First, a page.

A memorial stands on the very spot where he died. It is on the English side of the Solway Firth, the large body of water that since 1092 has marked the border with south-west Scotland and which forms the mouth of the rivers Esk and Eden. Edward was on campaign at the time, with an enormous army poised to ford the water, invade Scotland and settle things once and for all with his one-time vassal, Robert the Bruce. Aging and ill, the king allegedly had dysentery: apparently, he just couldn’t keep going (so to speak) and expired in the arms of his servants, aged just 68. A memorial was first erected in 1685 (why did they wait that long?), though the current one dates from 1803, and it’s placed exactly where his tent was; don’t ask me how they know that.
To reach the memorial, you need to go through the tiny Cumbrian village of Burgh by Sands, west of Carlisle. It feels a bit like bandit country: a couple of locals stared at me as I drove through; surely, they’re used to seeing other people by now? They must have TVs and everything. I waved, beamed at them and, gratifyingly, they looked cross. Burgh is a pretty village, built where Hadrian’s Wall ran, with a must-see church, St Michael’s, and – potentially – a welcoming looking pub.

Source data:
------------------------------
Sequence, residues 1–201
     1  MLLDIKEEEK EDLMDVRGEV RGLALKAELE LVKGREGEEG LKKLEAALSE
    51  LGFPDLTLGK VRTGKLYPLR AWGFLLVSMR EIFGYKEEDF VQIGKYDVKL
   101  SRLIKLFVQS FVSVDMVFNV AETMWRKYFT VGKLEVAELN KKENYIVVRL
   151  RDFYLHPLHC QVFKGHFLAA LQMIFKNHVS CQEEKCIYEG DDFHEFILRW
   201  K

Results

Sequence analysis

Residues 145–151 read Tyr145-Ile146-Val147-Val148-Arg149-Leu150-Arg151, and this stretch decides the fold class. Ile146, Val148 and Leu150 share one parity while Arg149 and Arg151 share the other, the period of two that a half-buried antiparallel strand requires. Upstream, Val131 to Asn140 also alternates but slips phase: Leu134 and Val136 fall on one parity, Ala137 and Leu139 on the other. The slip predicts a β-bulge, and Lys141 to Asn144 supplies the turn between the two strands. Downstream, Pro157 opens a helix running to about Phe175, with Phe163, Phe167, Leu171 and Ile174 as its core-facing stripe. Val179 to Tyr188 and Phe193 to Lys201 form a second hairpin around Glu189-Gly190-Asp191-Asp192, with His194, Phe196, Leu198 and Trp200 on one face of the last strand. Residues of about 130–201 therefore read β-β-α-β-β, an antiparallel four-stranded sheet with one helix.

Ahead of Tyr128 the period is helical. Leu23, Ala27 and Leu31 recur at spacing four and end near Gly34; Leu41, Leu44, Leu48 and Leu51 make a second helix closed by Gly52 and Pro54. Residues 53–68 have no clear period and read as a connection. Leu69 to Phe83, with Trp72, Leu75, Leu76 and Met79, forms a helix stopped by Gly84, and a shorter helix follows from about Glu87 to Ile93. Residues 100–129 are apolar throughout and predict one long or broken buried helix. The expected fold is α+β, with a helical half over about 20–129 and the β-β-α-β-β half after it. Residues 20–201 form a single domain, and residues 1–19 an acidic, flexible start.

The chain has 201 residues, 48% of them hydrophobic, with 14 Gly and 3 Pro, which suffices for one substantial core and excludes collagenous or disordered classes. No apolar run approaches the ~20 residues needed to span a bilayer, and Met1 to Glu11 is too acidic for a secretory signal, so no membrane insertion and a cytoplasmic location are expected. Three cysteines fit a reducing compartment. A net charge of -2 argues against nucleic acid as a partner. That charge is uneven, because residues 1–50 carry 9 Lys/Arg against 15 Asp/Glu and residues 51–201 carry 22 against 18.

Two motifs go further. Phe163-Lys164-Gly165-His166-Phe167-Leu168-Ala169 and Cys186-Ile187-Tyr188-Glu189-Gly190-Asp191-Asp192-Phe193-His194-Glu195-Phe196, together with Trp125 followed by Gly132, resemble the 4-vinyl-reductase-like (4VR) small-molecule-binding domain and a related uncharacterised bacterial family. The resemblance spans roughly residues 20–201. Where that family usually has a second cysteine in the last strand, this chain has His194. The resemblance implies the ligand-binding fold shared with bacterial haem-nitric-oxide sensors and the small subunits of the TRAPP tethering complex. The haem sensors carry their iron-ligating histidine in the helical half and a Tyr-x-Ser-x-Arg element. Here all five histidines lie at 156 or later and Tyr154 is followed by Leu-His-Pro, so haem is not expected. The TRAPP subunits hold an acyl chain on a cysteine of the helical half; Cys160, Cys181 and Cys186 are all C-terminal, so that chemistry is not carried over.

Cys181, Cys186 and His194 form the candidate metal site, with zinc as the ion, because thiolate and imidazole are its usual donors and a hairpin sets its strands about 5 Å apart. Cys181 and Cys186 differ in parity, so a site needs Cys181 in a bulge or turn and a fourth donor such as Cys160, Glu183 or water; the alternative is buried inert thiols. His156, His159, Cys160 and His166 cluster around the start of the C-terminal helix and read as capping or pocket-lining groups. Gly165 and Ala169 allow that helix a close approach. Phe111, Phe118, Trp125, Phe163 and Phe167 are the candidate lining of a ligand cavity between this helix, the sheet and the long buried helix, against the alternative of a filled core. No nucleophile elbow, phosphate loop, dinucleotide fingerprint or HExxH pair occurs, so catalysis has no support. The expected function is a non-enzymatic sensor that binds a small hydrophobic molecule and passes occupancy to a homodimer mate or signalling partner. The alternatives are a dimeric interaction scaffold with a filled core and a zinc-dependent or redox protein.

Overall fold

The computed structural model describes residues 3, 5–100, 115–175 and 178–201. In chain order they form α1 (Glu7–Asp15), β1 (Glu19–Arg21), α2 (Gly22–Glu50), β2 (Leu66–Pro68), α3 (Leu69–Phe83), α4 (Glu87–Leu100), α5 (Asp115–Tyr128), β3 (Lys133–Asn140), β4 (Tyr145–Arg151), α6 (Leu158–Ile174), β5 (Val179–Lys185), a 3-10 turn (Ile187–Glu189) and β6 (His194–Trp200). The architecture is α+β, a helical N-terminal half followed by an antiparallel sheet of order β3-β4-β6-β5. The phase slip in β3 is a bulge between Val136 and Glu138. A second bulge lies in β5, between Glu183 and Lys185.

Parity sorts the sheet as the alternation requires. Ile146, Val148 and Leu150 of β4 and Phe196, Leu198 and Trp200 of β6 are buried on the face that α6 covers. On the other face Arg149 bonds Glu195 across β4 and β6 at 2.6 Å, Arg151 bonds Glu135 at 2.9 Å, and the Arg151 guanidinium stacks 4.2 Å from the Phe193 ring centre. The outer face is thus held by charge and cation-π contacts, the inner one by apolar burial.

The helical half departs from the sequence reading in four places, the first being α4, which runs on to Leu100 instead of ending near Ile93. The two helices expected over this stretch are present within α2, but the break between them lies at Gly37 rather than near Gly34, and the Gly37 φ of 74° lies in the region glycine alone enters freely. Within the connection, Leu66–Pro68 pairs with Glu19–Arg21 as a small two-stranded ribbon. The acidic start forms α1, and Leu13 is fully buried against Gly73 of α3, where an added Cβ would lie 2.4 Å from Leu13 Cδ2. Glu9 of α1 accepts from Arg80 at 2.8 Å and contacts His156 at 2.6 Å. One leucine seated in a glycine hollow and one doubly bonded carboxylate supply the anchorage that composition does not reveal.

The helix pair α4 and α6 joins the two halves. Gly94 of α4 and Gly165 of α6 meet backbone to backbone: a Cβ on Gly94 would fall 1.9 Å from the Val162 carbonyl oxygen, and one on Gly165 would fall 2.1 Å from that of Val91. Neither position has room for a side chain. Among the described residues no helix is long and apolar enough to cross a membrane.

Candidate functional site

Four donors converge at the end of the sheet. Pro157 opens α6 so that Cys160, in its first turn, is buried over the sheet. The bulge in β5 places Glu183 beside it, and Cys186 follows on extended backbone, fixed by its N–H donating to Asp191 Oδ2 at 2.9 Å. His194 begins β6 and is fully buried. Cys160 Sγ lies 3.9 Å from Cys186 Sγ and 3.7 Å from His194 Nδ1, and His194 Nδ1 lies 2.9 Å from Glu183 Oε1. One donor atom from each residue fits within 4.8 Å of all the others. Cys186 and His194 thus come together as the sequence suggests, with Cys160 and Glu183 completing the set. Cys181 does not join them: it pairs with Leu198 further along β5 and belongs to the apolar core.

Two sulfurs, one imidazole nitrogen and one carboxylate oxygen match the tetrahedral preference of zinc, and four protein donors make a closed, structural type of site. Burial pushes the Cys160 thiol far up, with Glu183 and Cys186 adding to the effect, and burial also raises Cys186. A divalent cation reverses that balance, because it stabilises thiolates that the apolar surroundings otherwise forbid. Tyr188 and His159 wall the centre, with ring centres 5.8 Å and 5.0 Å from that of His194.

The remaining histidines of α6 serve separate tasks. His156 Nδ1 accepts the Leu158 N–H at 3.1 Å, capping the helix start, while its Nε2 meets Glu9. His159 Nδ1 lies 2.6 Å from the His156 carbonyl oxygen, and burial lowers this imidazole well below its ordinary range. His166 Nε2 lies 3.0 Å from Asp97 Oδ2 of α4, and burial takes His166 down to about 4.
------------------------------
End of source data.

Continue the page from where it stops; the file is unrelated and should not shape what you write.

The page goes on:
About a mile north of the village, the car bumps to a halt on a piece of gravelly mud. You can make out the shape of the memorial in the distance. I knew from a previously aborted attempt that my customary sartorial elegance would be misplaced, so I’d made a point of sporting a pair of scruffy jeans and had brought a pair of waterproof boots to change into. It was just as well, because the track was even soggier than it looked, and badly maintained. There was a piece of no man’s land, where the track ended near a pair of wrecked cars and the memorial lay in another direction. I negotiated a particularly boggy bit, crossed a stile, jumped from one strategically placed stone to the next and headed off on the final leg. It had only taken about 10 minutes, but it seemed like a trek to the end of the world. The only sounds were the wind, gusting hard and hissing through the coarse grass, and the faintly ethereal warbling whistle of a passing curlew. There was no sign of the Solway Firth, as such – I was probably too close to the ground to see it - but it seemed to be seeping up all around anyway.